2. Despite my adamant stance against my children watching television, I have become so grateful for the distraction of television and video games that I would personally  pay the salary of Nintendo’s CEO. Not really, I could never afford that because I have three kids.

3. My life is rarely quiet. But I’m going a little bit deaf in each of my ears so the noise doesn’t seem as loud.

4. All those sweet and more experienced ladies in church, at the grocery store and Target were right, the years do go by fast. But there are some days that just go on for-ev-er.

5. Eventually, the hurts can’t be fixed with just a band-aid and a kiss on the knee. But I can always be there to listen and give a hug when needed.

6. I am amazingly good at calculating my faults as a parent, but not that great at recounting the victories.

7. My ‘backbone’ has gotten a little weaker with each child. I let a lot more things slide. Like my kids don’t always wear shoes outside anymore and sometimes the baby walks around with a small object in her hand. That ends up in her mouth. And then is spit back out into my hand.

8. Kids need freedom. There are sometimes I have to let go. Do you hear that whump whump whump? That’s the sound of my propeller slowing down and not hovering so closely.

9. When the kids find a dead animal on the playground, that’s when it’s time for our family to leave.

10. Let other people invest in your kids. It’s a gift for your kids to learn and hear about other perspectives. The more we learn about each other, the more we see we are the same. It’s a gift to you to realize that you don’t have to be everything for your child. Raising children is a community experience.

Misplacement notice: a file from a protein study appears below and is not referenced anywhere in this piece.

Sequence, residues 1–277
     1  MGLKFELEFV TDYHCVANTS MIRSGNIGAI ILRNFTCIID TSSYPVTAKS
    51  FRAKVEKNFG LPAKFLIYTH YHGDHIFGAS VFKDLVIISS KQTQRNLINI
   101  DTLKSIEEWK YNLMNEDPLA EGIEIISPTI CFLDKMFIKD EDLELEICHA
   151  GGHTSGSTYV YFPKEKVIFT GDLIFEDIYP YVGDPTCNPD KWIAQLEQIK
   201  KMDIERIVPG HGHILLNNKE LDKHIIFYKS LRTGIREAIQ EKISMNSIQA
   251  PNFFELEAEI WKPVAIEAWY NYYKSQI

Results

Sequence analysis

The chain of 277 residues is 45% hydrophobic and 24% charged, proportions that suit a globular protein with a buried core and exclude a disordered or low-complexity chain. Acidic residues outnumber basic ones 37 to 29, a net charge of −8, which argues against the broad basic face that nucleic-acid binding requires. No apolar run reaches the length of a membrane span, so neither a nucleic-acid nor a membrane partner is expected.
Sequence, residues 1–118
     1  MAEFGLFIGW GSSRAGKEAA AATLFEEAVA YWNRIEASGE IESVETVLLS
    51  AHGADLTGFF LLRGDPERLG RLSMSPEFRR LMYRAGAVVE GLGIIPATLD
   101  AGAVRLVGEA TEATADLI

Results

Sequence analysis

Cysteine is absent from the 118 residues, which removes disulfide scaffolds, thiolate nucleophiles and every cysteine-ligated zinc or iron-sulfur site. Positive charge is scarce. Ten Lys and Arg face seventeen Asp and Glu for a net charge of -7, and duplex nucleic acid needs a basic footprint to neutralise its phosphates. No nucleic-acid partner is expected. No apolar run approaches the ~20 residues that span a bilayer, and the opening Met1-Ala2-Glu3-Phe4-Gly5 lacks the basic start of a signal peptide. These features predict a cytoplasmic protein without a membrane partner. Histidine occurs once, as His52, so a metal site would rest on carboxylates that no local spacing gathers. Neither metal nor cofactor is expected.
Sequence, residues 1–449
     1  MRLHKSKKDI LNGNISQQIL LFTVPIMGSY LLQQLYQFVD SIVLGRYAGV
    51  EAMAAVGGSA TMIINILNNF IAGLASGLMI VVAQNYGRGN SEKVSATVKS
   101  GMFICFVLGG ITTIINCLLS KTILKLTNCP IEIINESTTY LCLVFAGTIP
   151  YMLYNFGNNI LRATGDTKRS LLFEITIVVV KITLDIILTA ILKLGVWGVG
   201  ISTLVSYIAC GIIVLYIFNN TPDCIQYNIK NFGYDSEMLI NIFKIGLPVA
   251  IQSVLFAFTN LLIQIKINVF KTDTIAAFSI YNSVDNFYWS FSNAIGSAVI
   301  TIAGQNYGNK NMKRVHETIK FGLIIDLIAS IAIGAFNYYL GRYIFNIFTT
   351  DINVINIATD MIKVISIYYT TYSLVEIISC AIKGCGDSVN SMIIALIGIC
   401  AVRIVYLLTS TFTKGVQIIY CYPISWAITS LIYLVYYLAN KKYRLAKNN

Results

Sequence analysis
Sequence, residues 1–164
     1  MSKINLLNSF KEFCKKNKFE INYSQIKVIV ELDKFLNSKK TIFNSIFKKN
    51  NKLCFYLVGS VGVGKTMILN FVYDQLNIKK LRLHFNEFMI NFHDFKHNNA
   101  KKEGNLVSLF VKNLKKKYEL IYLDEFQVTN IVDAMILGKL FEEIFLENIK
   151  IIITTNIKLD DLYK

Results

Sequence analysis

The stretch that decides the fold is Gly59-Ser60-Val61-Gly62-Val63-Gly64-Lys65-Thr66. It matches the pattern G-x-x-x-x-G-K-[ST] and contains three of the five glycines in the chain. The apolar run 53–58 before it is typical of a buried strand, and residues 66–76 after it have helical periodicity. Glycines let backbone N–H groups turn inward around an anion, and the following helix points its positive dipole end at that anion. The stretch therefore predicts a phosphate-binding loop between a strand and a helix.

There’s a top ten list for you. You can print it out and put it on your fridge if you want.



A slow build

Random tidbit: If you have children with a tendency to lose their shoes, have them leave their shoes in the car. It makes searching for the shoes easier. Cause you have a smaller area to look in.

If you didn’t realize, this month is NaNoWriMo. That stands for National Novel Writing Month. For the month of November, thousands of people will be attempting to write 50 thousand words in one month. I started this process for this year. It’s slow going. i went away for the weekend. I have been worn out because I am sick. And each day I don’t meet my word count, the task seems harder and harder. As in, it would be worth it to just quit.

Then I see a tweet from Jon Acuff. It was all about our dreams and how we would prefer them to be easily attained. Like salt, something that’s in every home and available at most stores. It’s cheap to buy and accessible to everyone. But most dreams aren’t like that, they are like saffron, an exotic and expensive seasoning. It takes a lot of work for saffron to be harvested and then it’s expensive to use. Here is the full post.

That got me to thinking. Yes, I am behind on my goal for NaNoWriMo, but that doesn’t mean I should give up. It just means I might have to choose to write instead of watch an episode or two of television this week. Because that is a sacrifice I am willing to make.

What about you? Do you have a dream, goal project that you are behind on? Don’t give up! I don’t think I will ever regret choosing to go for NaNoWriMo rather than watching an episode of television. I don’t think you would either.